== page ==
I’ve followed Stacey’s career from fashion loving teen travelling to India through to the professional journalist she is today, watching and rewatching every documentary each time they’ve aired on television. When I first heard she was releasing a book I was so keen to get my hands on it ASAP. I read the blurb and immediately thought of DVD Special Features. I imagined Stacey’s book as a combination of Deleted Scenes and Director’s Commentary, but it was so much more.
What I love about Stacey’s work with social issues women face around the world is that she gives you information about emotionally loaded topics in a thoughtful and respectful way. You don’t just get to hear her opinion; you learn about people whose lives that issue directly effects as a victim, their family and friends, along with any officials in the area or perpetrators that are willing to be interviewed.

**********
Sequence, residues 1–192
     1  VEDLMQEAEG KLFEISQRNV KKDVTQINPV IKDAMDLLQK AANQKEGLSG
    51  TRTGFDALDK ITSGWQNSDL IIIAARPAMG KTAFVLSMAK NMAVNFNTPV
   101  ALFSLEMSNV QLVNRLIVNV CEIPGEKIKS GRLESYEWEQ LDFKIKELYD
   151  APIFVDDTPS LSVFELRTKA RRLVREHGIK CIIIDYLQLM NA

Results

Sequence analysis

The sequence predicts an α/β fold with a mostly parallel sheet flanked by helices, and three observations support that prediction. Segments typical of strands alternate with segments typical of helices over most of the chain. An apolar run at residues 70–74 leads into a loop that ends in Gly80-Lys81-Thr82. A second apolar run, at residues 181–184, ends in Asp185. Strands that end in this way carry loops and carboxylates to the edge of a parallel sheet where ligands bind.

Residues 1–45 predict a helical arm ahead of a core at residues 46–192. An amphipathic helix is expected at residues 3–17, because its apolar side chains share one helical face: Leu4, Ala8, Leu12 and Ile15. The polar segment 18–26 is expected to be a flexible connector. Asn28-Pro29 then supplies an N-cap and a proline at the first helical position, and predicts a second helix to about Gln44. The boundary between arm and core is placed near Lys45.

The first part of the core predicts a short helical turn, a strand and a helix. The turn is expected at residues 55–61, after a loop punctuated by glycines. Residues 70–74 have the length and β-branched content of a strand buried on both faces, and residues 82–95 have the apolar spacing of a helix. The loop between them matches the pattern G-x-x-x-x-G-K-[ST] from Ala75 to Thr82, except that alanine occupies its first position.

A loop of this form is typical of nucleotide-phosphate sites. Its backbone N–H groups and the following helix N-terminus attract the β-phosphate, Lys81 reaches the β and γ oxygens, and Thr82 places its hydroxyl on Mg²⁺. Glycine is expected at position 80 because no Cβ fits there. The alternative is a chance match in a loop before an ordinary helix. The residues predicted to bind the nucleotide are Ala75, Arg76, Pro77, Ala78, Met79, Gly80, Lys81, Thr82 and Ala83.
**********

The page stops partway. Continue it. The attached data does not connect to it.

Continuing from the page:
Stacey and her team focus on some locations and issues that I was vaguely familiar with and others that sadly I had practically no knowledge of. In this book Stacey delves into issues relating to prison, immigration, drugs, child abuse, femicide, high-end to low-end prostitution, trans prostitution, abortion, child sexualisation, murder, war and survival. Your heart will be broken and warmed by the womens’ stories. For women who have had to survive such horrendous circumstances in their past and oftentimes present as well, their courage and resilience are extraordinary and inspirational. It’s up to you as the reader to form your own opinions about what’s presented to you and whether that will change your mind or not, but you cannot walk away uninformed. I hope you also walk away with your empathy enlarged.